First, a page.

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    Field technicianEvery year between April and June, over 600 farmers receive free training on various agricultural practices both in crop production and livestock rearing, at a centre that now boasts of having created agriculture millionaires.


    Waruhiu Agricultural Training Centre situated in Kiambu County is similar to ordinary classrooms, yet different in the key aspects especially for farmers. The training is never theoretical, as the trainers believe touching, seeing and hearing matters in convincing the farmers. “While most of the farmers who come to this centre are predominantly from Kiambu County, the centre is open to farmers across the country. We are glad we have received majority of them from all corners of the country either here to learn more or make inquiries about farm management practices,” said Mr. Joseph Mureithi, the principal of the centre.


    Each year the centre carries 30 field training sessions ranging from selecting of good livestock breeds, and how to breed them, value addition of various crops, how to manage greenhouses and tending to sensitive crops among others. “The center is not just about training, it is also about answering questions from farmers, and the farmers are keen on asking questions. It is that interest that keeps us motivated. We also run a mobile phone tutoring programme where farmers can contact us through their phones and get responses spot on,” Mureithi added.

    The center works closely with research institutions, universities and not for profit organizations to acquire more knowledge on the latest developments in the agricultural sector which they then share with the farmers. These include new crop varieties, new farm technologies or any new threats to crops or livestock that might be important to farmers. For new varieties especially those that are high yielding, the centre grows them in the farm to allow visiting farmers learn by seeing and touching.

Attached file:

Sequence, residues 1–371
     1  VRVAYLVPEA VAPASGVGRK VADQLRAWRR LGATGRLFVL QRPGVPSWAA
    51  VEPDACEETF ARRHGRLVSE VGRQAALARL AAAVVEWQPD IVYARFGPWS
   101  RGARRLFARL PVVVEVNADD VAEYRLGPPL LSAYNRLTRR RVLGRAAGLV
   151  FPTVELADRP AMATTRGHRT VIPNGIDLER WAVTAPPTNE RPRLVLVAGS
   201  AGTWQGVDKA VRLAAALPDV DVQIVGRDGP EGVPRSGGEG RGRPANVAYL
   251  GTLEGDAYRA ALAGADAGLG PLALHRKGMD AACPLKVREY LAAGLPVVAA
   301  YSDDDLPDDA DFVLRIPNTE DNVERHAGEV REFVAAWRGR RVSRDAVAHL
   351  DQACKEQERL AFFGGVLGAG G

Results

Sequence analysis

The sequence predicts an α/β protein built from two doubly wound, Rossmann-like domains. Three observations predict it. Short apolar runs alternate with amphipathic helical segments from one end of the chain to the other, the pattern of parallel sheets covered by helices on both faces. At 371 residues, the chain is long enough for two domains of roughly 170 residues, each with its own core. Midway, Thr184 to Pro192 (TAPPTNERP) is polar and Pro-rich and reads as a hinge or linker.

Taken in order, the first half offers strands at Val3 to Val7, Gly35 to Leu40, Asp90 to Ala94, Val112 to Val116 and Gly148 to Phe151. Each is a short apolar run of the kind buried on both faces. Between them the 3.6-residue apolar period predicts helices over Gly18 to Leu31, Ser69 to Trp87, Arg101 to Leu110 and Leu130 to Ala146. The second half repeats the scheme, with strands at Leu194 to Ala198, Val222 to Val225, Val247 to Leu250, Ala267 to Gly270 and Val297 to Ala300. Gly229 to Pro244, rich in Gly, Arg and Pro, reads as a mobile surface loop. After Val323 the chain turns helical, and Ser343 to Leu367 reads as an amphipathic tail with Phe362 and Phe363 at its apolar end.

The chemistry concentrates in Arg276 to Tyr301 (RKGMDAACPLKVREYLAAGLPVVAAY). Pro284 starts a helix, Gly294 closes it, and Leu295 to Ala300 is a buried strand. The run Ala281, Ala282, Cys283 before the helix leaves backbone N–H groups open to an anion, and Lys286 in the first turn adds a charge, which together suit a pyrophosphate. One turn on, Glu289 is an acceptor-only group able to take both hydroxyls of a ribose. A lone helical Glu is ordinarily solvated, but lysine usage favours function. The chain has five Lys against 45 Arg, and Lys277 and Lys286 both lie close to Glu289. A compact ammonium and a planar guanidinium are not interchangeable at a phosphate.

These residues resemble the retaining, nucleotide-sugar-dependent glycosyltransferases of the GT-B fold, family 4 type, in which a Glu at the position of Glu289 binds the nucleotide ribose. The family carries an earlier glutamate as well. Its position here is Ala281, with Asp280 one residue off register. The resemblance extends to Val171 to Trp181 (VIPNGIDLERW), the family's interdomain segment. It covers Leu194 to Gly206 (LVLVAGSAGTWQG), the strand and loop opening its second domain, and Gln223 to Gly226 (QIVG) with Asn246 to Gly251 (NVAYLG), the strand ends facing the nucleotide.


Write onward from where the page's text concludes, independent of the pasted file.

On average the trainings take one day. From the 600 farmers who currently train, the centre hopes to reach 1,000 farmers through spreading word about the centre, The centre commits Sh8million each year in training while Sh4million goes into farming that takes place there.

    The centre is bridging the acute information gap that has been occasioned by a reduced number of government extension officers who were traditionally the carriers of information on matters agriculture. There are currently 5000 extension officers in Kenya translating into one extension officer for 1200 farmers.

    But such centres have also been hailed by research bodies like Food and Agriculture Organization as potent in information dissemination among small holder farmers. This, the institutions say is due to the peer sharing that has been proven as key communication channel especially in agriculture.

    For more information contacts below:

    Joseph Mureithi

    Number: 0722226235


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    Tana River beekeepers are recording increased honey production and incomes thanks to their efforts to form themselves in maketing groups which is also seeing them enjoy economies of scale.

    The bee keepers have always used the rudimental log hives for beekeeping. The total number of log hives in 2010 was 1160. Honey yields from the log hives averaged 5kgs per hive each season against an optimum production level of 15kilos of the same. With two seasons per year, this translated to 10 kgs for each loghive every year. The farmers also individually sold the honey either in crude or semi-refined form to middlemen from Bura and Garissa Towns and earned meagre returns